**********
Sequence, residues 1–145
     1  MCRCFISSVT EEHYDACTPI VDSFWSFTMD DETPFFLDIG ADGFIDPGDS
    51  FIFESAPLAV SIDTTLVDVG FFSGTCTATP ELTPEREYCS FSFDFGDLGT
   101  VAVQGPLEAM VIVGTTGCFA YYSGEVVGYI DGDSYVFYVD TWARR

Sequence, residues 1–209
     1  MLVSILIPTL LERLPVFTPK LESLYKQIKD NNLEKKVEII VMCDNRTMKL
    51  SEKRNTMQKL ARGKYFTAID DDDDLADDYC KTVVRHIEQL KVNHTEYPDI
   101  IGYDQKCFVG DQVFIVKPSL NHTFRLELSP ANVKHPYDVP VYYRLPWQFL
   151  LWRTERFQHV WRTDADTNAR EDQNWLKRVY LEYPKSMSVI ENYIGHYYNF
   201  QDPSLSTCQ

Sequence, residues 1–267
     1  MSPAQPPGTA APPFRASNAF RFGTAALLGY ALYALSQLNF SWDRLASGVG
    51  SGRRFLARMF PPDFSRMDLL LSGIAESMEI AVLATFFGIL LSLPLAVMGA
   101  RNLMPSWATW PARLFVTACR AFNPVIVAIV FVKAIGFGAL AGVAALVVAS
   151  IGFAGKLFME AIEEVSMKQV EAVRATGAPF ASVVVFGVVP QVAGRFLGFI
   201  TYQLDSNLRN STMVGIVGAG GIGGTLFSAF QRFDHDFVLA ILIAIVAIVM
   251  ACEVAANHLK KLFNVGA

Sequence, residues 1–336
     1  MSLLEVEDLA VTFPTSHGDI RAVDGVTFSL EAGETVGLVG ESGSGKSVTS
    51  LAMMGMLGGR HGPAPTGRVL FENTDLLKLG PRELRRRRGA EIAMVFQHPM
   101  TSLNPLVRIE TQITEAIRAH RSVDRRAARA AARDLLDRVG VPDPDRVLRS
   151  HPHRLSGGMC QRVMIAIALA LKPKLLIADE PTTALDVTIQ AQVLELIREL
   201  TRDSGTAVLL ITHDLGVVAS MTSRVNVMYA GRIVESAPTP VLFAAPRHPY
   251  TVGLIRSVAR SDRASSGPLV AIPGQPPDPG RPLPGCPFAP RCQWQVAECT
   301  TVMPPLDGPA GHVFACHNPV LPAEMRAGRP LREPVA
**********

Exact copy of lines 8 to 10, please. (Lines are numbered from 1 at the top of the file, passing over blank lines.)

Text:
   101  IGYDQKCFVG DQVFIVKPSL NHTFRLELSP ANVKHPYDVP VYYRLPWQFL
   151  LWRTERFQHV WRTDADTNAR EDQNWLKRVY LEYPKSMSVI ENYIGHYYNF
   201  QDPSLSTCQ